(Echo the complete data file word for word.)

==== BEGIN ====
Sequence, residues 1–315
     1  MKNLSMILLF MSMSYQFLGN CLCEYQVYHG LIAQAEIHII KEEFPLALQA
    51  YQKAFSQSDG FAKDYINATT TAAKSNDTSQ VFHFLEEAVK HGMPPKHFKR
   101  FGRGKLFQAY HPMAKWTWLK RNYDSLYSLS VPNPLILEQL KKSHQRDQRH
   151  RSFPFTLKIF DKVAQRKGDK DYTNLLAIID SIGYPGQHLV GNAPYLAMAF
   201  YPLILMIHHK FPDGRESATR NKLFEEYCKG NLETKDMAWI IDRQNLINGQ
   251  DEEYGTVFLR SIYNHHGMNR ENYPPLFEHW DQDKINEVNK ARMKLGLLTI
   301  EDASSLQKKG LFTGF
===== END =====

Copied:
Sequence, residues 1–315
     1  MKNLSMILLF MSMSYQFLGN CLCEYQVYHG LIAQAEIHII KEEFPLALQA
    51  YQKAFSQSDG FAKDYINATT TAAKSNDTSQ VFHFLEEAVK HGMPPKHFKR
   101  FGRGKLFQAY HPMAKWTWLK RNYDSLYSLS VPNPLILEQL KKSHQRDQRH
   151  RSFPFTLKIF DKVAQRKGDK DYTNLLAIID SIGYPGQHLV GNAPYLAMAF
   201  YPLILMIHHK FPDGRESATR NKLFEEYCKG NLETKDMAWI IDRQNLINGQ
   251  DEEYGTVFLR SIYNHHGMNR ENYPPLFEHW DQDKINEVNK ARMKLGLLTI
   301  EDASSLQKKG LFTGF